Dick Simpson Whitewashing 60s Radicals


By: Warner Todd Huston

They always say that the passage of time sometimes dulls the memory of a person’s past, that oft times only the good memories remain. More often, though, time plus a large dollop of myth making and lies creates a whole new world out of the past. Dick Simpson is more evidence of the later than the former. In a whitewashing of the foolishness and destruction wrought by his anti-American comrades in the vaunted “summer of love,” Chicago Sun-Times columnist Simpson wonders “Can we revive ’60s-era ideals?” Surely, anyone who has a clear memory of those tumultuous days would quickly reply, “I sure hope not!”

To start with, Simpson ridiculously presents as fact at least one of the arguments for what the country “faced” in 1967 as framed by the radical leftists that formed the emerging counter culture of the 60s. He states in a factual way that the country, “faced three great crises: racial discrimination, the Vietnam War, and the imperial presidency in which all executive, legislative and judicial power was being gathered into the hands of the president.”

Now, who cannot agree with his first two issues? But that third one in retrospect is as silly as it gets. If LBJ — who was the Democrat president in 1967 and 1968, as you know — had created an “imperial presidency” in which was vested “all executive, legislative and judicial power” then why did he have to bow out of running for a second full term in the upcoming 1968 presidential election during those same years? LBJ did make a mash of Vietnam, it is true, but to imagine he had created the so-called “imperial presidency” that the country “faced” as a problem is not a rendition of the factual situation in 1967 but is merely a parroting of the uninformed opinion of the 60s hippies that began their efforts to undermine society at that time.

Now, the only real quibble Simpson’s uninformed contemporaries had with LBJ was his conduct of the war yet Simpson includes civil rights as an issue they protested for and an issue this legitimately nation faced. But LBJ was a leading figure in helping to push the civil rights agenda so Simpson’s protesters could hardly have had too much against Johnson on that count. State laws and practices were far more the obstacle to civil rights than Federal, in the final analysis. Yet, Simpson uncritically regurgitates the far left’s talking points even this far removed from the era when any unbiased review of the real history of the era proves those claims to be balderdash by now.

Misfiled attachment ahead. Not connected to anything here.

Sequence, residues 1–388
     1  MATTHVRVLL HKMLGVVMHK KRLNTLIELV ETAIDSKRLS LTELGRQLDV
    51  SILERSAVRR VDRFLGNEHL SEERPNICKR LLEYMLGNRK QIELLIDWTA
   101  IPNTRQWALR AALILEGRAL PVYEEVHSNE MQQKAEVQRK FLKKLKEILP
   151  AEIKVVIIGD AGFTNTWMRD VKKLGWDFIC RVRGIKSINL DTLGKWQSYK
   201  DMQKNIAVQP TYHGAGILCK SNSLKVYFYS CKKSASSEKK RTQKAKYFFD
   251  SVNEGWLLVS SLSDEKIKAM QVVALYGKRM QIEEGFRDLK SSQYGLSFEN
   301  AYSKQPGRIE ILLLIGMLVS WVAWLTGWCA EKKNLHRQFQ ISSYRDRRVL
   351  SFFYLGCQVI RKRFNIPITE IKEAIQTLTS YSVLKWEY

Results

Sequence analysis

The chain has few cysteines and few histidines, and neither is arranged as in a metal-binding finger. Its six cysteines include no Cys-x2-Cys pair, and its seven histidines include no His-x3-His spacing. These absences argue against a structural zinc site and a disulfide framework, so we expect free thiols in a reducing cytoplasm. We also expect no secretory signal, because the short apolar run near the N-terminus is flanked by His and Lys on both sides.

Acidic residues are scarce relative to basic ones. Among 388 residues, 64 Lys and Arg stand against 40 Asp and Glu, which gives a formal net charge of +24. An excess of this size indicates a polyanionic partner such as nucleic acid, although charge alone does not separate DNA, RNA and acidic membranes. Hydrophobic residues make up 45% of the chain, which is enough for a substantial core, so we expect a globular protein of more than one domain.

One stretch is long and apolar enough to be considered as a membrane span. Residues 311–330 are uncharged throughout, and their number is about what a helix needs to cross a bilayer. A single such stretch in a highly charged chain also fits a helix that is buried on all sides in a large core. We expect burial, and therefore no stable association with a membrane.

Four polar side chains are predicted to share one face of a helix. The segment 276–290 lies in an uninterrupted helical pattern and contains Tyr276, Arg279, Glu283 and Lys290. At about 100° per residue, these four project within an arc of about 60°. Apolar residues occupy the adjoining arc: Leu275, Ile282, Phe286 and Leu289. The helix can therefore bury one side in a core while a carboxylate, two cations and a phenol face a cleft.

In his next colorful paragraph he continues to employ the failed assumptions of the losers in the counter culture movement quite despite sense and reality.

Behind these loomed the cultural clash of the ’60s generation. The hippies, Yippies, Beatle-loving, pot-smoking free lovers doing their own thing came up against Richard J. Daley, the Chicago cops and the National Guard upholding the status quo against their own ”barbarian” children. Society was sliding into stereotype, and anger was rising.

Simpson states that the “anger was rising,” but from whom was that true? Only from the radical leftists. The rest of the nation didn’t have nearly the problems with society (civil rights aside) that the malcontents and anti-Americans in the counter culture had. In fact, the Vietnam war enjoyed majority support from most Americans almost until the last days of the thing. So, Simpson’s attempt to invest the fraction of discontent that the hippies had into America’s entire populace is a blatant lie.